2012 Sepang 1 MotoGP Test Day 3 Times: Stoner Blitzes Lap Record As Rain Stops Play Early

Casey Stoner has ended the first MotoGP test of 2012 on top of the timesheets in style. On just his second lap out of the pits this morning, the Repsol Honda man posted a lap of 1'59.607, crushing the circuit qualifying lap still held by Valentino Rossi from 2009, and beating his previous best at the circuit set in the second Sepang test back in February of 2011. Stoner was the only man into the 1'59s, ending the day six tenths ahead of Yamaha's Jorge Lorenzo, who was in turn just a few hundredths quicker than Stoner's teammate Dani Pedrosa. Ben Spies put the second Factory Yamaha into 4th spot, and was the last rider to get within a second of Stoner.

Despite his gap to Stoner - over 1.2 seconds - Valentino Rossi pronounced himself satisfied with the 5th fastest time, just nipping ahead of Hector Barbera, but more importantly, much closer to the Factory Yamahas and Pedrosa. Cal Crutchlow led the two Monster Tech 3 Yamaha bikes in 7th and 8th, a second-and-a-half off Stoner's time, and unhurt after a small crash early in the day, while teammate Andrea Dovizioso ended the day much closer to Crutchlow than on previous days, setting the 8th fastest time. Alvaro Bautista put the Gresini Honda into 9th, ahead of Ducati's Nicky Hayden, the Kentuckian still in pain from his broken shoulderblade. An extra test has now been scheduled for Hayden at Jerez, before the team returns to Sepang for the 2nd test at the end of February.

The weather meant that testing was limited on the final day. The midday heat made it impossible to get much riding done at lunchtime, and the rain came shortly after 5pm, putting an early end to proceedings. Overall, though, the teams pronounced themselves satisfied with the amount of work they had got done.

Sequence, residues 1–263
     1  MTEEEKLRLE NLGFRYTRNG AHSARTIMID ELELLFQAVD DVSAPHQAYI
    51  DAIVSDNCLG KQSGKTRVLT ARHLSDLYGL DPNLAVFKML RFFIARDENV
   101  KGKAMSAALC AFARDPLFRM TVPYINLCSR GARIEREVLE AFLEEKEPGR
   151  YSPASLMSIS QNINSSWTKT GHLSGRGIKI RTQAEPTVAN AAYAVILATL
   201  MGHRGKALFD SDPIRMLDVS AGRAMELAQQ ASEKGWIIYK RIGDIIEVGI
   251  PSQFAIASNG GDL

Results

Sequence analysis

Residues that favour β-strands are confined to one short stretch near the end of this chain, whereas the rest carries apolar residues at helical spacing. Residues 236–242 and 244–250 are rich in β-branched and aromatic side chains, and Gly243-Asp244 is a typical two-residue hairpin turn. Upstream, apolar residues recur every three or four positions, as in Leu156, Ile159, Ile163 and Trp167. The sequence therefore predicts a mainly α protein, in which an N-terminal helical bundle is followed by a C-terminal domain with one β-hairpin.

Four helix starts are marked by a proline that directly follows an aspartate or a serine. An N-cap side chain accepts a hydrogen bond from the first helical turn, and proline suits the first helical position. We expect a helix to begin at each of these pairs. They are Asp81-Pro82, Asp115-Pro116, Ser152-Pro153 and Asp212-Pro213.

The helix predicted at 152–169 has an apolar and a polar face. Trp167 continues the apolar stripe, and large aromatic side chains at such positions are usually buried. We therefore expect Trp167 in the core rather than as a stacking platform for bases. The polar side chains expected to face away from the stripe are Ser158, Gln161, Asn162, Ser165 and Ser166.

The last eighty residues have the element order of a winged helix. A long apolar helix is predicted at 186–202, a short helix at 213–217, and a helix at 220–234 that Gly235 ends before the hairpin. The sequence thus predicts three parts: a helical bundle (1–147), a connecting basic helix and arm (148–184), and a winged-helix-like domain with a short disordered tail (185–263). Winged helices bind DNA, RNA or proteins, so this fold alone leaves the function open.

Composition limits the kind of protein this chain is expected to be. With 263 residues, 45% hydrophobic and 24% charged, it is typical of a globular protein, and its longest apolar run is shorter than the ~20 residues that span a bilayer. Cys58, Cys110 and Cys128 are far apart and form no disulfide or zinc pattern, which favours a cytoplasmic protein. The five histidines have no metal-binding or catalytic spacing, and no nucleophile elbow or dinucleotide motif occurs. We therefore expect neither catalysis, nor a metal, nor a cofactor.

Comparing the improvements made over the course of the test makes for interesting reading. Most improved were the four CRT bikes, with Edwards at the helm. Though the progress is encouraging, it also reflects the fact that the bikes are still very much in the middle of their development stage. As Colin Edwards told reporters yesterday, they are doing their testing out in public, and it shows, with technical problems causing all of the CRT riders to have days with some very slow laps. Worse news is that while Edwards sits very comfortably inside the 107% qualifying limit (2:07.979), the BQR bikes would not make the cut in their current condition.

Least improved of the factory prototypes were Cal Crutchlow and Casey Stoner, though given that both men were fast on every day of the test, that should not be too much of a problem. Stoner was fastest on both days of the test that he rode, and by a large enough margin that he could afford not to make progress. Hector Barbera made the most progress, the Spaniard already comfortable on the Ducati GP0 (the version of the GP12 Rossi tested at Valencia) at Valencia, and improving on the same bike at Sepang. Stefan Bradl also made good progress, unsurprisingly given his status as a rookie, and his times are close enough to the MotoGP regulars to show he is adapting well to the MotoGP class.